Purpose. To describe the findings of fundus autofluorescence (FAF) and optical coherence tomography (OCT) in patients with branch retinal vein occlusion (BRVO). Methods. In this institutional, retrospective, observational case series, FAF was evaluated in 65 eyes with BRVO in 64 consecutive patients and compared with visual acuity, OCT findings, and other clinical observations. Results. Five types of autofluorescence appeared during the course of BRVO: (1) petaloid-shaped hyperautofluorescence in the area of macular edema and (2) hyperautofluorescence coincident with yellow subretinal deposits. (3) Diffuse hyperautofluorescence appeared within the area of serous retinal detachment (SRD) and OCT showed precipitates on the undersurface of the retina in 5/5 of these eyes (100%). (4) The area of vein occlusion showed diffuse hyperautofluorescence after resolution of the retinal bleeding. (5) Hard exudates exhibited hyper- or hypoautofluorescence. OCT indicated that most of the hard exudates with hyperautofluorescence were located on the retinal pigment epithelium. Conclusions. Hyperautofluorescence associated with subretinal fluid or hard exudate appeared in the subretinal space. This type of hyperautofluorescence may be attributed to blood cell or macrophages. FAF and OCT are noninvasive modalities that provide additional information regarding macular edema due to BRVO.
To identify the prevalence of rhodopsin (RHO) mutations in French patients with autosomal dominant rod-cone dystrophies (adRP).
Detailed phenotypic characterization was performed including precise family history, best corrected visual acuity using the ETDRS chart, slit lamp examination, kinetic and static perimetry, full field and multifocal electroretinography (ERG), fundus autofluorescence imaging (FAF) and optical coherence tomography (OCT). For genetic diagnosis, genomic DNA of seventy-nine families was isolated by standard methods. The coding exons and flanking intronic regions of RHO were PCR amplified, purified and sequenced in the index patient.
Among this French adRP cohort, 16.5% revealed a RHO mutation. While three unrelated families showed each a novel missense mutation (p.Leu88Pro, p.Met207Lys and p.Gln344Pro), ten unrelated families showed recurrent previously published mutations (p.Asn15Ser, p.Leu131Pro, p.Arg135Trp, p.Ser334GlyfsX20 and p.Pro347Leu). All mutations co-segregated with the phenotype within a family and the novel mutations were not identified in a control population.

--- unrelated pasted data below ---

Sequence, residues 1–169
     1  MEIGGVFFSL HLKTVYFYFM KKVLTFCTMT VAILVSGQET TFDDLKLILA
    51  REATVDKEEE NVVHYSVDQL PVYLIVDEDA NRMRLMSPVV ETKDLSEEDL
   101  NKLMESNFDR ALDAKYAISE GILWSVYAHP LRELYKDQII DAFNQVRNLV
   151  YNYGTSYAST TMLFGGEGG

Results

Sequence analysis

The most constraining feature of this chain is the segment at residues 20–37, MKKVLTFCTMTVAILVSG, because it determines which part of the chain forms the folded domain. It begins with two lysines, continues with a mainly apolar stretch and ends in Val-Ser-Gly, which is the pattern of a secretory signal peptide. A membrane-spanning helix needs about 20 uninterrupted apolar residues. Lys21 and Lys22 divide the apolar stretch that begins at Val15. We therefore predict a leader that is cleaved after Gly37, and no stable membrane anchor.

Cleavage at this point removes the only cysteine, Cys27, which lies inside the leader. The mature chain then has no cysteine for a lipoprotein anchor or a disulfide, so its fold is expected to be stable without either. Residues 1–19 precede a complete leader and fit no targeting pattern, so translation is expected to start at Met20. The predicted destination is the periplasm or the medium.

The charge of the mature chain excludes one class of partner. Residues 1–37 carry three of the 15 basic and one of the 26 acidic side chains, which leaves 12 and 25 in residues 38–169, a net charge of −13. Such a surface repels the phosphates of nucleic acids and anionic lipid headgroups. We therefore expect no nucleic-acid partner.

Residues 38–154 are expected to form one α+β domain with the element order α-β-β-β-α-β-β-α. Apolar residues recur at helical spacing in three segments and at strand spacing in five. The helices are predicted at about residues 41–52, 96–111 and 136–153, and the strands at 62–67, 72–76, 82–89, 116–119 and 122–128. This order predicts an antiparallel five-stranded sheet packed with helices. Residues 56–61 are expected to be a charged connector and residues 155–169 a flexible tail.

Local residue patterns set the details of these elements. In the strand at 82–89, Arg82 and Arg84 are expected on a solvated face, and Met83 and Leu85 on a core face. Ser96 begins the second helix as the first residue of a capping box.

Our studies revealed that the prevalence of RHO mutations in French adRP patients is in accordance with other studies from Europe. Most of the changes identified herein reflect recurrent mutations within which p.Pro347Leu substitution is the most prevalent. Nevertheless, almost a quarter of the changes are novel indicating that, although RHO is the first gene implicated and probably the most studied gene in RP, it is still relevant to perform mutation analysis in the coding exons of RHO to detect novel changes. Our detailed phenotype-genotype analyses in all family members available deliver the basis for therapeutic approaches in those families.
Adolescent; Adult; Child; DNA Mutational Analysis; Electroretinography; European Continental Ancestry Group; genetics; Female; Fluorescein Angiography; France; epidemiology; Genes, Dominant; Genotype; Humans; Male; Middle Aged; Mutation; Pedigree; Phenotype; Photoreceptor Cells, Vertebrate; pathology; Polymerase Chain Reaction; Prevalence; Retinitis Pigmentosa; diagnosis; genetics; Rhodopsin; genetics; Tomography, Optical Coherence; Visual Acuity; Young Adult
To correlate fundus autofluorescence (FAF) patterns in choroidal melanocytic lesions with changes present on the surface of such lesions, including lipofuscin, hyperpigmentation, drusen, and fibrous metaplasia, and to describe the effect of treatment on FAF.
Retrospective chart review of 23 consecutive patients with choroidal nevi and melanoma who underwent FAF photography. The correlation between increased FAF patterns and foci of lipofuscin, hyperpigmentation, drusen, or fibrous metaplasia was defined as a complete correlation, partial correlation, or no correlation. The posttreatment FAF photographs of 6 patients with choroidal melanoma who were managed with plaque radiotherapy or plaque radiotherapy and transpupillary thermotherapy were also analyzed.
Lipofuscin was present in 13 tumors, hyperpigmentation in 9 tumors, drusen in 6 tumors, and fibrous metaplasia in 4 tumors. A complete correlation between increased FAF and lipofuscin was found in 8 tumors (61.5%), a partial correlation in 3 tumors (23.1%), and no correlation in 2 tumors (15.4%). A complete correlation between hyperpigmentation and increased FAF was found in 5 tumors (55.6%), a partial correlation in 3 tumors (33.3%), and no correlation in 1 tumor (11.1%). A partial correlation was found between drusen and increased FAF in all 4 tumors. A partial correlation was found between fibrous metaplasia and increased FAF in all 3 tumors. Following treatment, increased FAF was observed in 6 choroidal melanomas owing to an increase in lipofuscin and hyperpigmentation.